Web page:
Jeff Scott has a simple answer as to why No. 3 Clemson has had so much success against NC State’s defense the last two years.
“We have made plays. I think that has been the biggest thing,” the Tigers co-offensive coordinator said.
Clemson, who will host NC State on Saturday at high noon in Death Valley, has not just made plays it has made a lot of plays. In the two games, in which the Tigers outscored NC State by a combined score of 97-41, they have scored eight touchdowns by 24 yards or more.
Clemson (6-0, 3-0 ACC) averaged 6.2 yards per play in 2014 against the Wolfpack in a 41-0 victory, and then 7.8 last year in a 56-41 win in Raleigh, North Carolina.
“We have gone back and watched the last two years. They have been talented and have been right there every year, but the difference is our guys have made the plays downfield,” Scott said.
The Tigers have totaled 1,116 yards in the two games.
“We have had a bunch of deep ball opportunities that we connected on the last two years and that opened up a few of the runs as it went. Ultimately, that’s what you have to do. You put guys in position and then we have to make plays that are there,” Scott said.
One guy who has helped Clemson make those plays is quarterback Deshaun Watson. The Gainesville, Georgia native threw for 267 yards and two touchdowns, while also running for 62 yards and two more scores in the 2014 games. Then in last season’s meeting in Raleigh he did even better as he rushed for 54 yards and a score, while throwing for 383 yards and five touchdowns in a 56-41 victory.
Watson ran for a 24-yard touchdown and then threw TD-passes of 57, 42, 40, 35 and 36 yards to five different receivers–Hunter Renfrow, Charone Peake, Deon Cain, Zac Brooks and Ray Ray McCloud—a year ago, while throwing touchdown passes of 56 and 31 yards to Mike Williams in the 2014 game.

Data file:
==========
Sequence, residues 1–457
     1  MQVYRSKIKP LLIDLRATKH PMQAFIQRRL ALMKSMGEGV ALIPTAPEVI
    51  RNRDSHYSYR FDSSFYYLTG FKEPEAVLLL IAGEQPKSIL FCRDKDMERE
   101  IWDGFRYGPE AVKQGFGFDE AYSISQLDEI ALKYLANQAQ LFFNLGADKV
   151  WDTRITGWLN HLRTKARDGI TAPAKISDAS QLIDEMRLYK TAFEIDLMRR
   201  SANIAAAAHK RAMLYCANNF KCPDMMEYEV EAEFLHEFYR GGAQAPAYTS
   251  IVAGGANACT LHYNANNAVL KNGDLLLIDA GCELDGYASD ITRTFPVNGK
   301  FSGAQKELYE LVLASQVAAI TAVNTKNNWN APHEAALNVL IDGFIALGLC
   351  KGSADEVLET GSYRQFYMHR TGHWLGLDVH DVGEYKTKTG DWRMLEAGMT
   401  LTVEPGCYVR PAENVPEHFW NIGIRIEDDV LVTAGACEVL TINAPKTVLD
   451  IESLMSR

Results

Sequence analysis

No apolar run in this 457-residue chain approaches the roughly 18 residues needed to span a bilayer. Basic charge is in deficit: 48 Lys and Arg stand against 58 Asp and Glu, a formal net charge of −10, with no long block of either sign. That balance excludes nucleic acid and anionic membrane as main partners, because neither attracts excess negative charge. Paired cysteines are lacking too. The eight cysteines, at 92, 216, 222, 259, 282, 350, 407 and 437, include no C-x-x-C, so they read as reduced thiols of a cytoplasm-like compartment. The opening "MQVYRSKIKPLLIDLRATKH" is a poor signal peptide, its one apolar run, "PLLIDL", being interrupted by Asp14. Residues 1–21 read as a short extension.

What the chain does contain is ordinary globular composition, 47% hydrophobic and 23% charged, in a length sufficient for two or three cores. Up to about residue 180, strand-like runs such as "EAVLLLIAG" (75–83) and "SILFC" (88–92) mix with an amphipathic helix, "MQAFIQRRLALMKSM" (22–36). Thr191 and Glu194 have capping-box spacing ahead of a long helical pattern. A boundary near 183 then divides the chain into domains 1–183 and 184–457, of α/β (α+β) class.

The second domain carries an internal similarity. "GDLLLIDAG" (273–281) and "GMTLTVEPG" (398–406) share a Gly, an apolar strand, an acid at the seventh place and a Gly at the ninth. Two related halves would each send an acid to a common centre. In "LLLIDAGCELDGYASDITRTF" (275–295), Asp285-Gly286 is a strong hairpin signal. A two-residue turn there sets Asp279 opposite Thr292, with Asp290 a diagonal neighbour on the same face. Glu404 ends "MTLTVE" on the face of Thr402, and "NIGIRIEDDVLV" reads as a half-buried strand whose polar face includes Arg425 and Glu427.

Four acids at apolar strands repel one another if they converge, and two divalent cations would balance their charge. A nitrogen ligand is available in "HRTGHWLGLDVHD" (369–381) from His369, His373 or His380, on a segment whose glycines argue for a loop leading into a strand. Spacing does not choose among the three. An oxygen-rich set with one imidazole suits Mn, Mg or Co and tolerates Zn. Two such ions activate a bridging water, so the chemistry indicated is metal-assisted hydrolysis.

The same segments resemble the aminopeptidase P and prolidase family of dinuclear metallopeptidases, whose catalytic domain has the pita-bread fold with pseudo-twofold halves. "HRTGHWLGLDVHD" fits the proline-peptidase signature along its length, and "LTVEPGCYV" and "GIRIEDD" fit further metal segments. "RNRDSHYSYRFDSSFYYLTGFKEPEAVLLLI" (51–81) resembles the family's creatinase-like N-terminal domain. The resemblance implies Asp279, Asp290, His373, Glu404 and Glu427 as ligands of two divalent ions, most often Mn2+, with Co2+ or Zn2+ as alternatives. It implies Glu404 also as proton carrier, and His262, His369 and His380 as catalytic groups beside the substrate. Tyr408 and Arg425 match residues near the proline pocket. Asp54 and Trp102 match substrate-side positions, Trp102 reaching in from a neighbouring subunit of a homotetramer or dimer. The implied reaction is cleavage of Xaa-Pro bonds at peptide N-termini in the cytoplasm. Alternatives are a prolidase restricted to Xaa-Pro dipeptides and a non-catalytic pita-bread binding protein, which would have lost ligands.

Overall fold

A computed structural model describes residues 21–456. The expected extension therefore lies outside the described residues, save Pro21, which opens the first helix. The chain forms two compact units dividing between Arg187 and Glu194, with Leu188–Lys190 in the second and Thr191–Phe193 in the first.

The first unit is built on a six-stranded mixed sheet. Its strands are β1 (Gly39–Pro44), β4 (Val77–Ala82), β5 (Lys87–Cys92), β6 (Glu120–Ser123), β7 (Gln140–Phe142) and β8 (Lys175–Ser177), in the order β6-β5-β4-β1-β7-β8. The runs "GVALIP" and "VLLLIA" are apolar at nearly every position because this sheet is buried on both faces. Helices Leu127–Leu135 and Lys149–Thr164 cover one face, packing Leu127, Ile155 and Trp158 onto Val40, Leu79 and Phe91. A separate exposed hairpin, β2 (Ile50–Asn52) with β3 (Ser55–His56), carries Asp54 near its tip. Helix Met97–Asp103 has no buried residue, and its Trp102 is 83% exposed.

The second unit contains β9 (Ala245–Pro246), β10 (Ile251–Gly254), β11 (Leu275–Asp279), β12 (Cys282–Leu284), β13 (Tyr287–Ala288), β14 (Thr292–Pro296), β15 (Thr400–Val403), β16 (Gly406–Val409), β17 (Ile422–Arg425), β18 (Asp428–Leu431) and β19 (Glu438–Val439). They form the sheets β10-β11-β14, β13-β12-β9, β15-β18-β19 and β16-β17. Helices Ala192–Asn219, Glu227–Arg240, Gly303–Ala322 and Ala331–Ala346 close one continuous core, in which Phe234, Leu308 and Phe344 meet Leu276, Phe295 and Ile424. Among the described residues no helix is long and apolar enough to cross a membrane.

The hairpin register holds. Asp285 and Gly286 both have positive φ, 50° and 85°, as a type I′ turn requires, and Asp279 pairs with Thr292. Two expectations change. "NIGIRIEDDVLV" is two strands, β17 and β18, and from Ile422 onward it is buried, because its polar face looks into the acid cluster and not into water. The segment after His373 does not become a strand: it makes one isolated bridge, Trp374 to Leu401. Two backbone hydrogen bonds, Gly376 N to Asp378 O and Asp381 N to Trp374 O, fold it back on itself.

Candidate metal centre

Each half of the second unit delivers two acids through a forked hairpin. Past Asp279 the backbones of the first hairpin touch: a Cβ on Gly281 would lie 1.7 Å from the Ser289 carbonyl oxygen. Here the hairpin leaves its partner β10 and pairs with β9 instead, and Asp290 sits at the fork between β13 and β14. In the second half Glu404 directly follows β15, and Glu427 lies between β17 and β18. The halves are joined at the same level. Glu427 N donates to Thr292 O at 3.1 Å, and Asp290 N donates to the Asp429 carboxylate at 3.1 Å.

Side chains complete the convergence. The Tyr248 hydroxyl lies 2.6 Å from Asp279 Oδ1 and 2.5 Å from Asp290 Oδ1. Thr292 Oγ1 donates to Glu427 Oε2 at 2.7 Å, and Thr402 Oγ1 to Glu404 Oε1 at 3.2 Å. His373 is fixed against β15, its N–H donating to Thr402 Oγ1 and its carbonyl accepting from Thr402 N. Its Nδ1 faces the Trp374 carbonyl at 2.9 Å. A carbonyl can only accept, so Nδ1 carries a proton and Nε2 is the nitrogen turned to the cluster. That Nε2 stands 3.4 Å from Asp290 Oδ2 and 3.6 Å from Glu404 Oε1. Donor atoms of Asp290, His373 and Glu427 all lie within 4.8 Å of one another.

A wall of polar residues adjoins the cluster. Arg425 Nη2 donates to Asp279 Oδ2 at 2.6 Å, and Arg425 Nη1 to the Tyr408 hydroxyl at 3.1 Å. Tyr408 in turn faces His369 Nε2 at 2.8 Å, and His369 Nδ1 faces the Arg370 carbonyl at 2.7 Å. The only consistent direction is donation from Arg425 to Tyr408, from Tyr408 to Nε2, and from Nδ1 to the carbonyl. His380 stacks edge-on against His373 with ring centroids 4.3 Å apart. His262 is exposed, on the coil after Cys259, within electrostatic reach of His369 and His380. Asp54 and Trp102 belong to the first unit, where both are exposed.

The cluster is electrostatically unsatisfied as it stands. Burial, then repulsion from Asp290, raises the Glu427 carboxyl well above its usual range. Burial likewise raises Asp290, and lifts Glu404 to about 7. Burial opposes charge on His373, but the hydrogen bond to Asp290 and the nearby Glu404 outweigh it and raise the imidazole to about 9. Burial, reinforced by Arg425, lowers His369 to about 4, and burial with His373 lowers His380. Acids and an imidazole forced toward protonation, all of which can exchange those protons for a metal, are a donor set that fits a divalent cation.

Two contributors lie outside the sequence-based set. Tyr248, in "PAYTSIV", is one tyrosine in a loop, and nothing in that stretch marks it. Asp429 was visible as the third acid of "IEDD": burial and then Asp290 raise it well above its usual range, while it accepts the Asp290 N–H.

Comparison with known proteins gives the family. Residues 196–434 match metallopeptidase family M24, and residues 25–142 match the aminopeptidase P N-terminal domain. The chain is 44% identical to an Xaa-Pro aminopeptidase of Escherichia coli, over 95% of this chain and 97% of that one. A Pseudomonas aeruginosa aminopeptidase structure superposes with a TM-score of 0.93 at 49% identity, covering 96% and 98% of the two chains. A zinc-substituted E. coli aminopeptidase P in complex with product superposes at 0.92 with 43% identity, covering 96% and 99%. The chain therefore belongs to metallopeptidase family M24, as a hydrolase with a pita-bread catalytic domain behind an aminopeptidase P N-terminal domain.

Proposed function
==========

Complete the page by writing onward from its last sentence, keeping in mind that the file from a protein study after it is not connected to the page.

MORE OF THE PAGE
Scott says those touchdowns, however, have more to do with what Clemson was doing as opposed to what NC State wasn’t doing.
“They make you earn it. It’s not like it’s wide open guys just running down the field,” the Clemson coach said. “It was a one-on-one situation and our guys just happened to make the play.”
It has also helped that Clemson has run the football well in those two meetings. In 2014, the Tigers rushed for 226 yards while using a committee of people to get the job done. Last year, Wayne Gallman rushed for 172 yards as the Tigers ran for 240 yards.
Clemson averaged 4.5 yards per carry in 2014 and 4.8 yards per carry in 2015.
But don’t think NC State does not remember what has happened the last two years as well. With a defense littered with juniors and seniors, they will come into Saturday’s game wanting to prove they our better than what they have displayed against the Tigers.
The Wolfpack (4-1, 1-0 ACC) is eighth nationally in total defense (279.8) and in rushing defense (91.0).
“That was last year, and now a lot of those guys are back on their side,” Scott said. “I know they have a lot of pride and they are definitely going to have a good plan to defend us and it will come down to the same thing. Whoever makes the plays is going to win.”